The FBI recently shut down Silk Road, an online marketplace where sellers offered drugs, firearms and other illicit goods and services, taking Bitcoins as payment.
Bitcoin's advocates aim to make it a universal electronic currency. By a wide margin, Bitcoin is the best known among dozens of alternatives, collectively known as altcoins. PeerCoin, Litecoin and Anoncoin are some other altcoins.
Probably the main reason for the Bitcoin buzz is its soaring value. A year ago, Bitcoin was worth a few dollars. In November alone, the price has climbed from $215 to $1,000 on Mt. Gox, the leading altcoin exchange. Meanwhile, Bitcoins were trading for $950 on Bitstamp, the second most popular exchange, and for $915 on BTC-e.
The supply of Bitcoins recently stood at 12 million, worth about $12 billion at recent prices.
SecondMarket's Bitcoin Trust "invests" in Bitcoins. SecondMarket is an online security brokerage specializing in illiquid assets. And at least one mutual fund is in the works.
Bitcoin is actually both a digital currency and a payment system. To get Bitcoins, you have to first set up a "wallet," probably online at a site such as Blockchain.info. You then pay a willing seller the necessary hard currency to transfer the coins into that wallet.
A growing number and variety of US merchants are starting to accept Bitcoins as payment.
The Silk Road closing highlighted a key Bitcoin attribute: theoretical user anonymity, which enables secret transactions of various kinds. A network keeps track of all transactions made using Bitcoins but it doesn't know who is using them or for what, just the computer "wallet" IDs. Yet every transaction is publicly available for anyone to examine in the "blockchain," a global, permanent ledger.
Strangely, the government of China evidently has endorsed the use of Bitcoin. Some say it's because of the hope that digital money will undermine the dollar's status as the world's reserve currency. A subsidiary of Baidu Inc. (NSDQ: BIDU), China's top search engine, started to accept Bitcoins last month.
Bitcoin supporters contend that it some day could become an effective alternative to government currencies or a cheap way to move money around the world.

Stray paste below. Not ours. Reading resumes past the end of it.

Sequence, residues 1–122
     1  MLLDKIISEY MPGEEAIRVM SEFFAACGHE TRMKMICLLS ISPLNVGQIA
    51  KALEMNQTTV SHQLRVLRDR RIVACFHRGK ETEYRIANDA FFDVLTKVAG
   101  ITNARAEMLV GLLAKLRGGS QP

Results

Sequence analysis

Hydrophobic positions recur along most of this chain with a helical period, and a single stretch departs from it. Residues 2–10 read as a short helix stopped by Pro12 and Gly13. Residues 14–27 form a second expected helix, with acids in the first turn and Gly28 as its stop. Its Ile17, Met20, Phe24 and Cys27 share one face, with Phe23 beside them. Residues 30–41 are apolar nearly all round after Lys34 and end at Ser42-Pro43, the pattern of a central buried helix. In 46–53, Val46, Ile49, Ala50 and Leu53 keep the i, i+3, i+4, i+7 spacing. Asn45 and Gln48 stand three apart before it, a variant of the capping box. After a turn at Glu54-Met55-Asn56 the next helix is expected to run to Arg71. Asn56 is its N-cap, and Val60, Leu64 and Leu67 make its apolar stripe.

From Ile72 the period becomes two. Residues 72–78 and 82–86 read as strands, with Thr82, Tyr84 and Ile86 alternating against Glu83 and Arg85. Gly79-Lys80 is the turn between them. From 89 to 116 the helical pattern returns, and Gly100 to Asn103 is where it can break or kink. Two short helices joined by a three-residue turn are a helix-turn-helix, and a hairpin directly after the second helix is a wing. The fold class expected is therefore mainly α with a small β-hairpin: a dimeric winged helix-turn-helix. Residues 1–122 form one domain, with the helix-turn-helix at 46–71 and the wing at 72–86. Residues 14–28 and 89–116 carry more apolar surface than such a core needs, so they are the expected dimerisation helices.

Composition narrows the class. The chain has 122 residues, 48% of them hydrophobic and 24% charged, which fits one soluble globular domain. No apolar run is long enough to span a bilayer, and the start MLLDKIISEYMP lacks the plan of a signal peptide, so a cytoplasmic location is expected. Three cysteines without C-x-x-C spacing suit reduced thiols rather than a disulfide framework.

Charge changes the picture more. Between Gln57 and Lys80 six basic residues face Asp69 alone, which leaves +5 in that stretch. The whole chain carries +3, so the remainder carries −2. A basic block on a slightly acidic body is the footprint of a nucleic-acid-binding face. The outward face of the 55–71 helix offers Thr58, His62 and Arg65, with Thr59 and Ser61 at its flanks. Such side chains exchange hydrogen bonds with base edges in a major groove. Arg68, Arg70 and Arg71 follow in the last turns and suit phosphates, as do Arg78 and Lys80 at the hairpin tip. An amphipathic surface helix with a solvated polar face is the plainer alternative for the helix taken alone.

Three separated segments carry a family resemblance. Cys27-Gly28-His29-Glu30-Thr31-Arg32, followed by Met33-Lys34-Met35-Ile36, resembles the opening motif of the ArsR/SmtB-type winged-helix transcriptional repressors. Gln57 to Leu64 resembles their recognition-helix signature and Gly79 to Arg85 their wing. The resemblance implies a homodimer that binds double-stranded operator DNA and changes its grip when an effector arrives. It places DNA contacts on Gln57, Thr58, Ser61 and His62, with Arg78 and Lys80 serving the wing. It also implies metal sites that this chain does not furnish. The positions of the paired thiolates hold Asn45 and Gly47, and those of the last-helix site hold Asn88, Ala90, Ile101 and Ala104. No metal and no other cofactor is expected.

But Bitcoin's manic price movements undermine its credibility as a currency. Real currencies usually have relatively stable values, making them good units of exchange. And Bitcoin already has numerous competitors.
In addition, the Bitcoin system evidently isn't completely secure. Numerous thefts of Bitcoins from encrypted accounts have been reported. These inevitably will grow in number with Bitcoin's popularity and, for now, value.
Bitcoin itself was invented in 2008 by one or more computer programmers using the pseudonym Satoshi Nakamoto. His, her or their identity is still unknown.
Altcoin values are set partly through complicated mathematical algorithms and partly by what people think they should be worth at any time.
Bitcoins are created, or "mined," by rewarding computer operators who solve a mathematical algorithm that grows increasingly difficult, which in turn slows the supply growth of Bitcoins. An algorithm limits the total number of Bitcoins ever mined to 21 million units, which is expected to occur by 2140.
It is extremely likely that governments ultimately will aim to regulate Bitcoin if its market gets big enough. Money is a tool of the state. Governments will not allow creation of an independent world currency outside of their control.
Meanwhile, it seems that the main reason people are willing to pay rising prices for Bitcoin is because other people also are willing to. Just like the Dutch tulip mania of the 17th century, probably the biggest financial bubble of all time.